- Frequent nightmares are linked with insomnia, anxiety and depression
- Nightmares can lead to the development and progression of heart disease
- People having frequent nightmares need extra preventive measures for heart disease
Heart patients who have weekly nightmares are five times more likely to feel anxious or depressed. They are even more likely to have difficulty in sleeping when compared to those who do not have frequent nightmares.
The findings of this study are published in the European Journal of Cardiovascular Nursing.
The research team has stated that health professionals should ask their patients if they experience any bad dreams as it is a warning sign for depression and anxiety or trouble sleeping.
Link Between Nightmares, Insomnia, Anxiety and DepressionInsomnia and physiological disorders like anxiety and depression, are linked with the development and progression of heart disease.
Dr. Takashi Kohno of Keio University School of Medicine from Tokyo Japan said, "Our study shows strong associations between depression, anxiety, insomnia, and bad dreams in patients with heart disease. As this was an observational study, it cannot determine the cause-effect relationship, but it may be bidirectional. In other words, depression, anxiety and insomnia may cause nightmares, and nightmares could lead to depression, anxiety and insomnia."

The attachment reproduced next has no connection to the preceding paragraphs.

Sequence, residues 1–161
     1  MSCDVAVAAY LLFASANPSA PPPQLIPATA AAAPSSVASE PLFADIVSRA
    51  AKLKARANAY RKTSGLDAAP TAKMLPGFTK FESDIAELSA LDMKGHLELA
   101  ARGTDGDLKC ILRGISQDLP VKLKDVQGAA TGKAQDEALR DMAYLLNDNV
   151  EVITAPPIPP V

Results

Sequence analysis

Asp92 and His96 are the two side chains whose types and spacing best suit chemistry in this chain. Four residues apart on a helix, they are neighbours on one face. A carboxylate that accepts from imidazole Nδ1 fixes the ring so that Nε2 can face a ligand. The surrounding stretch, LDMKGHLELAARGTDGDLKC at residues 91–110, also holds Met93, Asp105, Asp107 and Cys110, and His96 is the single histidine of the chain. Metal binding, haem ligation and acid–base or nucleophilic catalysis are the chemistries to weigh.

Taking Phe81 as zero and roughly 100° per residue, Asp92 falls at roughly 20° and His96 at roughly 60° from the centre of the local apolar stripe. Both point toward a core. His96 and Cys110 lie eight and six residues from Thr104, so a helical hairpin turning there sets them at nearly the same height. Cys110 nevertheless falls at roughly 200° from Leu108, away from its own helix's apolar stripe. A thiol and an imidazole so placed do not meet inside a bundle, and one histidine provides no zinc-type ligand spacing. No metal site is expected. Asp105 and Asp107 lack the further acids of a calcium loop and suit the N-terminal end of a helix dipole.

Previous studies conducted among the general population revealed that frequent nightmares are associated with psychological and Sleep Disorder. This was the first study to evaluate the relationship between nightmares and heart disease. Additionally,the research team examined whether the unpleasant dreams relate to heart medications.
Details of the StudyThe study included 1,233 patients with an average of 64 years and 25 percent were women admitted to Keio University Hospital with various heart diseases. By using self-reported questionnaires nightmares, sleep and physiological characteristics were assessed. By using overnight pulse oximetry that measures blood oxygen levels, sleep-disordered breathing (when breathing stops and starts during sleep) was measured.
Out of the 1,233 patients enrolled, 15 percent patients had at least one nightmare per month, and 3.6 percent had at least one nightmare per week defined as frequent nightmares. Compared to men, women are more likely to have frequent, unpleasant dreams. 28 percent of the patients had sleep-disordered breathing, 45.9 percent of the patients reported insomnia, 18.5 percent of the patients had depression and 16.9 percent of the patients had anxiety.
Frequent nightmares were associated with insomnia, anxiety, and depression and not with heart medications and sleep-disordered breathing.
Patients who had bad dreams weekly were five times more likely to be depressed and anxious. They were also seven times more likely to have insomnia.
Dr Kohno said, "The prevalence of nightmares and frequent nightmares in the general population, reported by other groups, is similar to the experience of heart patients in our study. We showed that in people with heart disease, women are more likely than men to have persistent bad dreams- this also mirrors findings in the general public. The strong associations among frequent nightmares, insomnia, and psychological disorders we observed reflect prior research in healthy people, suggesting that these relationships could be universal regardless of the presence of heart diseases."
The research team has stated that nightmares can be a warning for an underlying psychological disease or sleep disorder and should be addressed to prevent new or worsening of heart problems.
- Nightmares linked with anxiety and insomnia in heart patients - (https://www.eurekalert.org/pub_releases/2020-12/esoc-nlw121520.php)